Many rescued dogs have been sequestered in crates and limited to one environment their entire life. It will be important to expose this type of dog to new things very slowly and methodically. You will find that many of these dogs are fearful of a host of novelties, including, but not limited to, cars, motorcycles, bicycles, skateboards, vacuum cleaners, etc. Let’s assume you have a dog that is fearful of the vacuum cleaner either runs to hide under the bed each time it is brought out, or attacks the vacuum as soon as it is turned on.
It is important to know that when introducing the rescue dog to other canines in the family, the introductions should be done outside. This will bring down the threat level of the dogs and eliminate territorial issues that may crop up in the beginning. You will always want two handlers; one for the rescue, and one for the other dog. As with the introductions to people, it is best to have the dogs on leash so that you can control their movement. Remember, however, that a leashed dog will feel more threatened because it is unable to get away and knows it. Therefore, the process of introductions will take longer and involve more steps when involving other dogs in the house.
It is critical to understand that dogs are not capable of generalized learning. Each new person or dog or object they encounter is a completely new experience. So, to properly socialize a new rescue dog you must expose her to a broad range of social experiences. A quiet teenager is much different for a dog than an exuberant infant or an active toddler, or an energetic five or six-year old child. . . .Even things like height, facial hair, apparel, (hats, sunglasses, different types of shoes, etc.) will be unique, and potentially fraught with anxiety for your new family member. Take the time you need to safely expose the dog or pup to all of these novelties.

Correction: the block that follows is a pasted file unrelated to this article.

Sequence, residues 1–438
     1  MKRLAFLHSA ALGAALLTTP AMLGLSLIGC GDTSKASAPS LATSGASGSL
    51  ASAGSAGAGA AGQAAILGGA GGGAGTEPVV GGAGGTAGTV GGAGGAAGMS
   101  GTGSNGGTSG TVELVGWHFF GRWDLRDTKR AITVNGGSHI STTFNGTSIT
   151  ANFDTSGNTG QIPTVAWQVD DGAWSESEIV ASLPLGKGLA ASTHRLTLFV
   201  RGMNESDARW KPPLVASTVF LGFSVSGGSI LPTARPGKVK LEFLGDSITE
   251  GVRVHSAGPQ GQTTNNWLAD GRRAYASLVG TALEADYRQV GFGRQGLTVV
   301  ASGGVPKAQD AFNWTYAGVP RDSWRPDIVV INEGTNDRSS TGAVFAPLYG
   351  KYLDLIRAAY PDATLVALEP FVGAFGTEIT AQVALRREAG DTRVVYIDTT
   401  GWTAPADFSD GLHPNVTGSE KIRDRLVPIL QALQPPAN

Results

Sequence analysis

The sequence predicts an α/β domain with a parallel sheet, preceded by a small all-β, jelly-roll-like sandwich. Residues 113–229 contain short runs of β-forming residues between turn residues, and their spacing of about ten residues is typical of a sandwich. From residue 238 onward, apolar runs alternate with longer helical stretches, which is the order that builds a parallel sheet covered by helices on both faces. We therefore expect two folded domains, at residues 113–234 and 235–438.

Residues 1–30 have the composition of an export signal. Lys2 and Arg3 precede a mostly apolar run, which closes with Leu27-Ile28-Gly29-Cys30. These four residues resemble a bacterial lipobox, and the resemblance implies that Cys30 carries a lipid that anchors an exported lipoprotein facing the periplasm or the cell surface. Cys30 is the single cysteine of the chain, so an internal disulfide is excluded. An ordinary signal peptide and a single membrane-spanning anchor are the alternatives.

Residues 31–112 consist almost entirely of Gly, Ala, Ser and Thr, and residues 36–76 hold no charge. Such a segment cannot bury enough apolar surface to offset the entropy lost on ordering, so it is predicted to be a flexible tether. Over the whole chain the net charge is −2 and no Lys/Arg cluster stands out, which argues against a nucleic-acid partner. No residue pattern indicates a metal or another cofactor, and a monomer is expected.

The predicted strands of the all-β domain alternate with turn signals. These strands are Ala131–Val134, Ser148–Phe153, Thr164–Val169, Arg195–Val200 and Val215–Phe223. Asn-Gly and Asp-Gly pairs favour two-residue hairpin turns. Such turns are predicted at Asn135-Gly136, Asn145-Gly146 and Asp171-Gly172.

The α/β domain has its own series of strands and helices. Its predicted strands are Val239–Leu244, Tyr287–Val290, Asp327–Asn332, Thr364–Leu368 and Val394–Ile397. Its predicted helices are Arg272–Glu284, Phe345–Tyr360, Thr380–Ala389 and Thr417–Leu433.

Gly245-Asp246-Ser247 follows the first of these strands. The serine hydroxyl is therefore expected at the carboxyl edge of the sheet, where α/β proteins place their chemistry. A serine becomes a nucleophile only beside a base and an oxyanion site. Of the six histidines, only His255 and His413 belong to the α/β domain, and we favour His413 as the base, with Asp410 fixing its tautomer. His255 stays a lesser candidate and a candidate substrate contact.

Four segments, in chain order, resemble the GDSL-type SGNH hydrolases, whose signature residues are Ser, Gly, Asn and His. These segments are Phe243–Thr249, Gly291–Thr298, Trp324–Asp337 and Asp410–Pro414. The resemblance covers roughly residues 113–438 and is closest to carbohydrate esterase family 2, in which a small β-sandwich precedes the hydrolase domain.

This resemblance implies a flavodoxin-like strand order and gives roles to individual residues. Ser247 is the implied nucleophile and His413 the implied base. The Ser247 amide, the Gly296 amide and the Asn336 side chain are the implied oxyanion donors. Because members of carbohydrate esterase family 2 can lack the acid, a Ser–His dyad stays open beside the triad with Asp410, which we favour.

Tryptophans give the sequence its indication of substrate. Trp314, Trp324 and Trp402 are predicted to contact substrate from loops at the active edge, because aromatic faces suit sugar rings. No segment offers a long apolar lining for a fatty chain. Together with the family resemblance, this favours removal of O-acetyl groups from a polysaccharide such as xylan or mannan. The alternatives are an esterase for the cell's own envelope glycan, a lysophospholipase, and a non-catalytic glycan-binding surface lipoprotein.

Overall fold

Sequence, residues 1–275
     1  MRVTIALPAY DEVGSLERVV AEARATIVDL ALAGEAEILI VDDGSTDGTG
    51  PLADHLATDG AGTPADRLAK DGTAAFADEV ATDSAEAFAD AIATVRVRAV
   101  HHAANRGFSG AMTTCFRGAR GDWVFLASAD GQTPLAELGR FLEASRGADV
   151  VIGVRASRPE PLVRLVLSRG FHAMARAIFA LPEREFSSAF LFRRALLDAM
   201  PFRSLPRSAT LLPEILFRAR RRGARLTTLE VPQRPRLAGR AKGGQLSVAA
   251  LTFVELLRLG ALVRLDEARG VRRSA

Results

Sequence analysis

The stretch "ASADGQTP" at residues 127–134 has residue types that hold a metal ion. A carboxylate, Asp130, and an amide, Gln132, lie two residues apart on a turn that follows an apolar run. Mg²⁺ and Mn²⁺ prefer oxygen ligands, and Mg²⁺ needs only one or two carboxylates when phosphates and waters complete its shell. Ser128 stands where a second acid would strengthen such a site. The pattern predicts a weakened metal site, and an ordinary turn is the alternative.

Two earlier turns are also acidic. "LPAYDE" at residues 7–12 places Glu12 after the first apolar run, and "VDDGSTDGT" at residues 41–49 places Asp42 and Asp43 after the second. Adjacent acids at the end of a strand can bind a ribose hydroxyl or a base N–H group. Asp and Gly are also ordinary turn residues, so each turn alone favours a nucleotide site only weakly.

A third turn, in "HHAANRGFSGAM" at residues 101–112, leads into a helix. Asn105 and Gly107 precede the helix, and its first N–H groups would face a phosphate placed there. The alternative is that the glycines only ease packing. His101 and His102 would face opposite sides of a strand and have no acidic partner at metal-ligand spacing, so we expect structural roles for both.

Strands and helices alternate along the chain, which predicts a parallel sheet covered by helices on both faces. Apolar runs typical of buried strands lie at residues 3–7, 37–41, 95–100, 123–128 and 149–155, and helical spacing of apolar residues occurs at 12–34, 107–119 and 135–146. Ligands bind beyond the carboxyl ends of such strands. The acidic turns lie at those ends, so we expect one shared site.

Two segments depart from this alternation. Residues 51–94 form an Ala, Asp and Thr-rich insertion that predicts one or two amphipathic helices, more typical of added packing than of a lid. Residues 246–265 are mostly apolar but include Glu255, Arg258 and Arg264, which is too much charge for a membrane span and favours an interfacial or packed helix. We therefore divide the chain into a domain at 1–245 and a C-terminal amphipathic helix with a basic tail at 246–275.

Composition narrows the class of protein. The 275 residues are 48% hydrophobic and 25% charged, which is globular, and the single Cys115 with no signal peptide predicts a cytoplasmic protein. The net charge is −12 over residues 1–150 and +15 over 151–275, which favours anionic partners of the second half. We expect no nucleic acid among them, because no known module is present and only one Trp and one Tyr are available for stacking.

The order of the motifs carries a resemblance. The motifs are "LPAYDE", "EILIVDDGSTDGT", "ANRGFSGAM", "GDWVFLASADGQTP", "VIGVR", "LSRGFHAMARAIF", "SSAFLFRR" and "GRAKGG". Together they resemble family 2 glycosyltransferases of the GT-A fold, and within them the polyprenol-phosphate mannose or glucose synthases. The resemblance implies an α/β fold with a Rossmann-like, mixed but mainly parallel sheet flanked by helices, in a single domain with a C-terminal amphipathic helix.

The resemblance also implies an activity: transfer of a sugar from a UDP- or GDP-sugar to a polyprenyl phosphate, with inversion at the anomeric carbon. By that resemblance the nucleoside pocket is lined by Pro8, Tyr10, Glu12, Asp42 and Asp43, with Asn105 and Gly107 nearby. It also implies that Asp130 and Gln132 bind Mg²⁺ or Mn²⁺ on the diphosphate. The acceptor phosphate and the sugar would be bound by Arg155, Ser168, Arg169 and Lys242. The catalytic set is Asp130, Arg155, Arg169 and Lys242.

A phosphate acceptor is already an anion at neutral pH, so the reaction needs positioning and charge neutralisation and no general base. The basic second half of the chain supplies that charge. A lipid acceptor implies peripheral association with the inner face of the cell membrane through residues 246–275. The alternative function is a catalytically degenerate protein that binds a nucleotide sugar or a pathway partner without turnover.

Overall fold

Let’s first discuss the process of introducing your new rescue dog to the human adults in the household. It’s important to take the proper steps to start exposing your new rescue dog safely. Instruct people who are new to your dog to show her the proper respect by averting their eyes when first meeting. Giving a fearful dog direct eye contact can be perceived as threatening and promote more fear. Second, it is always best to have the dog on a leash so you can control his movement. However, keep in mind that a leashed dog will feel more threatened, because it is unable to get away and knows it. As a result it will be better to have your guest actually ignore the dog for the first few minutes.
There are many things we learn as professional dog trainers, but one of the most important, and one we share on a regular basis with clients, is how to safely bring home a rescue dog. Many of the dogs on the Suncoast have been adopted from rescue organizations, or are currently in foster homes waiting for their forever family. Whether introducing the new dog to a foster family, or to his forever home, it is important to follow certain, carefully planned out steps, to make a smooth transition.